I told my partner, this is what I want to do.
It took me a year or two. I came to California in 2010, taking photos with a point-and-shoot. I would travel in my car a lot, taking pictures. Then I got a professional camera, started taking more and more images.
So, you are self-taught?
I used to spend 10 hours a day figuring out the camera and practicing. I'm completely self-taught. But I've had mentors and people that have inspired me along the way.
It looks like some of your earlier work — at least, from Instagram — focused on people more than wide open spaces. Do you feel like your work has been evolving in that direction?
The true story is, in 2010 when I said I was traveling around, trying to do artistic work, I wasn't getting paid for that back then. I put an ad on Craigslist for portraits and weddings, to try to make a little money with my camera. My first shoot was for maybe $50, a maternity shoot. A few weeks later, I did my first wedding for $300. And then the next one for $600, and then the next for $1000, and so on. I traveled all over the states, photographing weddings in the Bahamas, Mexico, and Hawaii, with features in Vogue and Martha Stewart. But what I really wanted to do was my artwork. I was going back and forth. I'd jump on a flight to go take some shots one week, then shoot a wedding the next.
I had an internal battle for a while. For a long time, I separated them. Lately I've started to embrace it more — there's artistry in the weddings — and I embrace it all. I decided not to follow the rule. It took me a while to figure myself out.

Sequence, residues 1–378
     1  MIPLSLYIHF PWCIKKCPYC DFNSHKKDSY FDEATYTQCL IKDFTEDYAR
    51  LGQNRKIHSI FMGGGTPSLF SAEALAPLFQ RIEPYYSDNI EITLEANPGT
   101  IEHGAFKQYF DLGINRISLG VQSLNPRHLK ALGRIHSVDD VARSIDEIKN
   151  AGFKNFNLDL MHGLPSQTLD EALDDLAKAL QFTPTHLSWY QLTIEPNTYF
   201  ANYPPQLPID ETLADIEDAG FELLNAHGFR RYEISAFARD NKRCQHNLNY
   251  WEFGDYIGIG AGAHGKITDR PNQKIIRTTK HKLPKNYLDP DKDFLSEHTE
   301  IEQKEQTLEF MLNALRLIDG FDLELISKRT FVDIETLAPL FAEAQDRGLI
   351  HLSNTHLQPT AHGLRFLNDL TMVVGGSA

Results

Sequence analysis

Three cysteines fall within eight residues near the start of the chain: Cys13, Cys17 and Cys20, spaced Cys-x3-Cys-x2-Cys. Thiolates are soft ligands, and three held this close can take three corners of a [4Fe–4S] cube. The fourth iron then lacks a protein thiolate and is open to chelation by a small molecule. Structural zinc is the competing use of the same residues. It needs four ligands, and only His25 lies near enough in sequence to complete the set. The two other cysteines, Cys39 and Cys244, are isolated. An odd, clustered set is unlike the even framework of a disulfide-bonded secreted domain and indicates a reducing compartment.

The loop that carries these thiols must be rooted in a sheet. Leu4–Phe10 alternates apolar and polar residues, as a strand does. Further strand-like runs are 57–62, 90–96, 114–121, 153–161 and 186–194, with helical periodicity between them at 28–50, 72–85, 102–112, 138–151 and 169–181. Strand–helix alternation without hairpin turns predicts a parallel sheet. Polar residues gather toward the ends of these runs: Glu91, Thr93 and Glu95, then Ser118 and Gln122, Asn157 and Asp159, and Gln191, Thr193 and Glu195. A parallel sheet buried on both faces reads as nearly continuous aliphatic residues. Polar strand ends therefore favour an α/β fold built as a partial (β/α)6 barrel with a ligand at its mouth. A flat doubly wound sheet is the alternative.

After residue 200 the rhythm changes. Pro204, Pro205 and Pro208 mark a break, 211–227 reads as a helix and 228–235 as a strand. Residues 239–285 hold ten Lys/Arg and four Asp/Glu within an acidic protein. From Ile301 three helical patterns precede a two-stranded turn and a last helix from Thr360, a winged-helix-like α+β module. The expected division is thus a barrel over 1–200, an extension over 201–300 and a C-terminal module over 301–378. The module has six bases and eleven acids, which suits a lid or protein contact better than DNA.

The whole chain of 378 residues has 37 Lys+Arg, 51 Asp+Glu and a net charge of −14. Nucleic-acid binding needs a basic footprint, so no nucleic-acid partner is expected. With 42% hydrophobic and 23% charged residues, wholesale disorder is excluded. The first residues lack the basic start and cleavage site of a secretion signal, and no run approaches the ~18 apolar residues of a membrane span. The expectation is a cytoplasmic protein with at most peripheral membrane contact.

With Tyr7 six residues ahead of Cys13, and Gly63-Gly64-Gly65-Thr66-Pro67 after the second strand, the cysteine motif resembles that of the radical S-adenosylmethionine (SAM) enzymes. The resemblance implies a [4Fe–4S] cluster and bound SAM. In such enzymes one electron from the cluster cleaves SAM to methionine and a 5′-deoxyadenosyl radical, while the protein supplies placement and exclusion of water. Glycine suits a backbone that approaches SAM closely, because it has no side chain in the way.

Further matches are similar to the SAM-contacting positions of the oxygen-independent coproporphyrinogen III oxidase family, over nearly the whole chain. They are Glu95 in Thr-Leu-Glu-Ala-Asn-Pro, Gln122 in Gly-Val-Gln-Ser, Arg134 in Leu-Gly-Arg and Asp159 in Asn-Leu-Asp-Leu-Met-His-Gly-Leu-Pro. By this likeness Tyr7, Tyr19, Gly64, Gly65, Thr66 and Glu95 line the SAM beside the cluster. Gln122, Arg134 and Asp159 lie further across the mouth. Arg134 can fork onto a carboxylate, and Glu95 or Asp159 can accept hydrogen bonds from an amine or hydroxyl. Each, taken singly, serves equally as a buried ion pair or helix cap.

What are you working on now?
I started to do some underwater work. I'm starting to play with that. I have taken some shots in Hawaii, and I'm looking to go to Mexico to shoot some sharks. I love the ocean. I love wildlife. I also would like to get over to the Maasai, in Kenya, to do some wildlife aerials. I'm just enjoying the process. I used to be more obsessive. I had to do everything in one go. I really just enjoy it now, and take each year as it comes.
On the landing page of your website, it says, front and center, "Go Adventure." What does that phrase mean to you?
With "Go Adventure," I think I was really talking to myself. For me to get out there and live life. I love to be out in the world. I love people interacting with nature, humans and animals interacting with the landscape. It's a beautiful world and I just want to capture it.
But I don't force it.
A friend of mine said something to me when we were in Hawaii. We were doing some cliff jumping shots. I asked, How do you want me to capture you? And he said, Just shoot from your heart. Man, I like that. Ever since he told me that, I've started to really feel. Rather than overthink, I try to feel the image. That's how I feel now. I'm evolving. There's no beginning or end in my photography. There's never a place I'm going to get to. I want it to be an everlasting thing.